Near Eastern Languages and Civilizations
The discovery of a schistosomiasis parasite egg in a 6,200-year-old grave at a prehistoric town by the Euphrates River in Syria may be the first evidence that agricultural irrigation systems in the Middle East contributed to disease burden.
A one-day exhibition of poetry, pictures, letters, and donated ephemera from campus veterans at the Reva and David Logan Center for the Arts on Monday, October 12, seeks to encourage discourse among the University community while honoring veterans for their service. When asked to share items that illustrated their experience serving in the armed forces, many veterans added schrapnel, uniforms, and empty cartridges to the exhibition. Josh Cannon, a third-year PhD student in Near Eastern Languages and Civilizations, assisted fellow veterans in submitting their stories to the exhibit by conducting story-telling workshops in the fall. “The stories are very eclectic,” Cannon said. “They are funny, happy and sad—they should display to the public the diverse ways that people experience their life in the military.”
Associate Provost Aneesah Ali, who organized the exhibition and a luncheon for the vets, explains, “This is the first time that we’re inviting the broader University community to recognize the veterans on campus. The long-term hope of outreach events like this is to attract more talented veterans to join our community.” The exhibition will be in the main lobby of the Reva and David Logan Center for the Arts and will run from 11 a.m. to 5 p.m.
For the full article, click here. To read more about campus veterans and their work in the Division of the Humanities, click here.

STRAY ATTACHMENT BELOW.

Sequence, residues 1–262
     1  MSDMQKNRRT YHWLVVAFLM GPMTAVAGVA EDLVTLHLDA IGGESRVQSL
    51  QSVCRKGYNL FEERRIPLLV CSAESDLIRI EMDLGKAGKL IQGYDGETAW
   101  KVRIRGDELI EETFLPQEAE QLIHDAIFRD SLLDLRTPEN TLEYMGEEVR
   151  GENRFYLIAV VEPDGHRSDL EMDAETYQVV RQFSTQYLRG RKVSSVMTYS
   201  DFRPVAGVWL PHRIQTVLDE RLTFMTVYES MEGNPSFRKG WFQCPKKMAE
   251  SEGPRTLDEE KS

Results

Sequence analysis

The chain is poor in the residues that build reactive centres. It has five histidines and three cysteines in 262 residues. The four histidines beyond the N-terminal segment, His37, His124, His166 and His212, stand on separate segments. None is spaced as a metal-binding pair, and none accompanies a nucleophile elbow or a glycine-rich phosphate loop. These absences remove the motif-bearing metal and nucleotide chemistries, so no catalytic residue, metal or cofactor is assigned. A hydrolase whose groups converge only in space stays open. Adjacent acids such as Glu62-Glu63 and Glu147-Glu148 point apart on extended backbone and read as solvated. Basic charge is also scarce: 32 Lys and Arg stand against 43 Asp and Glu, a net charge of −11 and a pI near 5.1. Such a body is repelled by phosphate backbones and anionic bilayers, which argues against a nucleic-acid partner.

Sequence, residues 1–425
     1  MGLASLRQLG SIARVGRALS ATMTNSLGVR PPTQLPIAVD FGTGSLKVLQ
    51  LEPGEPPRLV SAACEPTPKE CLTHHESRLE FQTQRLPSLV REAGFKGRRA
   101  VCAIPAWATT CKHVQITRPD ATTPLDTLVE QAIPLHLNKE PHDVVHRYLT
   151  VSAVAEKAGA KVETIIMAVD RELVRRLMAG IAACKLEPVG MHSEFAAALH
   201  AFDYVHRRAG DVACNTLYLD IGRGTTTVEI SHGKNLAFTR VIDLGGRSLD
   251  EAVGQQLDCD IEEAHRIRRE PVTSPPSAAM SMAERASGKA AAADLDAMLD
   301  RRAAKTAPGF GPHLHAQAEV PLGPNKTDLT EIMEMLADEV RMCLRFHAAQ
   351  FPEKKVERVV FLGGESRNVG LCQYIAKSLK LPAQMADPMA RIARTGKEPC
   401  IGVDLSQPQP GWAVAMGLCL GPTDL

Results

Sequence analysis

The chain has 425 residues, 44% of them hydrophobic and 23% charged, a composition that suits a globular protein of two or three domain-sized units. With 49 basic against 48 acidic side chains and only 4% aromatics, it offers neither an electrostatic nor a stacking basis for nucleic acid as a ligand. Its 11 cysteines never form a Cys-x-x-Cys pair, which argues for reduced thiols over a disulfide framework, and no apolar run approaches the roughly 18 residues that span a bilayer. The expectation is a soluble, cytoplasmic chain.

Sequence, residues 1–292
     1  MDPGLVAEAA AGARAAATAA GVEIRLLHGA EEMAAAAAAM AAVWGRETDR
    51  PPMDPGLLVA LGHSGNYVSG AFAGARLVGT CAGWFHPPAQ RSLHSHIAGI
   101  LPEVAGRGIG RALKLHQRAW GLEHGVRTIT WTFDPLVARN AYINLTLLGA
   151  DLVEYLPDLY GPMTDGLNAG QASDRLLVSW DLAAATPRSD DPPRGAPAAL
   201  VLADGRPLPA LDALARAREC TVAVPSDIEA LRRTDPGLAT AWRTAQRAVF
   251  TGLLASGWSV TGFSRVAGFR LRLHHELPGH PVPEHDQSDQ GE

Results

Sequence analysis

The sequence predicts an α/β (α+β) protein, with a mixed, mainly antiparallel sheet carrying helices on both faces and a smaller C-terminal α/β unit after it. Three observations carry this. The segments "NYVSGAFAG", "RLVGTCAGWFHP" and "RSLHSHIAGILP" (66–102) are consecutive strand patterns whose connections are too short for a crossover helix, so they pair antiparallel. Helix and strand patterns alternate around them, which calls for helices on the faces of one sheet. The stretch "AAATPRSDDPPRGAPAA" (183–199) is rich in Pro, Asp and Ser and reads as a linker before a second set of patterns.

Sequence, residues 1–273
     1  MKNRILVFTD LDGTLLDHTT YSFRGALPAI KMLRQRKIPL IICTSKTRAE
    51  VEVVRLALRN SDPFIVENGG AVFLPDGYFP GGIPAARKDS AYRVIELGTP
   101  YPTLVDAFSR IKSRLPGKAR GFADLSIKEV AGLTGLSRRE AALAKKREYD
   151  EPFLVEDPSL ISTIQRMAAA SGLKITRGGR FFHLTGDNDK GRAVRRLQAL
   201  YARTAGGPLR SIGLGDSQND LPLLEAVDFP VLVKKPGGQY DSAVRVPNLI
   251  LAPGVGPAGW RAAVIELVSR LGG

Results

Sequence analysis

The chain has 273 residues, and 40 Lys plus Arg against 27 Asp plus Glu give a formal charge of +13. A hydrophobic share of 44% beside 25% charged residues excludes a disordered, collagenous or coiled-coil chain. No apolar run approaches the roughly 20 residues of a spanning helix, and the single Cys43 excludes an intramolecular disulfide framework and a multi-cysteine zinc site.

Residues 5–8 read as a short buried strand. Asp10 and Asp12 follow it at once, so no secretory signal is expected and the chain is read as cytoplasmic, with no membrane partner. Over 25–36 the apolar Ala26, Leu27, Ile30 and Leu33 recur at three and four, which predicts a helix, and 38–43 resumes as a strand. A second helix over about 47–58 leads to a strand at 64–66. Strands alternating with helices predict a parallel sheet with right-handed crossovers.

Rozenn Bailleul-LeSuer, a PhD candidate in Near Eastern Languages and Civilizations studying Egyptology, curated "Between Heaven and Earth: Birds in Ancient Egypt," which is on display at the Oriental Institute Museum until July 28, 2013. A variety of events accompany the exhibit, including a free public symposium on November 10 and a free guided tour with Bailleul-LeSuer on November 14.
From the article:
The exhibit includes several mummified birds along with 40 artifacts that emphasize how omnipresent birds were in ancient Egyptian culture. Those birds included ducks, ibises and other waterfowl as well as eagles, vultures and falcons, as well as more exotic birds such as ostriches. Some birds lived in the wild along the Nile while others were domesticated.
The exhibit primarily showcases objects from the Oriental Institute, many of which have never been exhibited, such as the legs for a folding stool that are beautifully inlaid in ivory in imitation of duck heads, the mummy of an eagle with remains of gilding, and a small bronze coffin topped with a figure of a falcon wearing a crown.
To learn more about the exhibit and register for affiliated events, please visit the Oriental Institute's Special Exhibit Events website.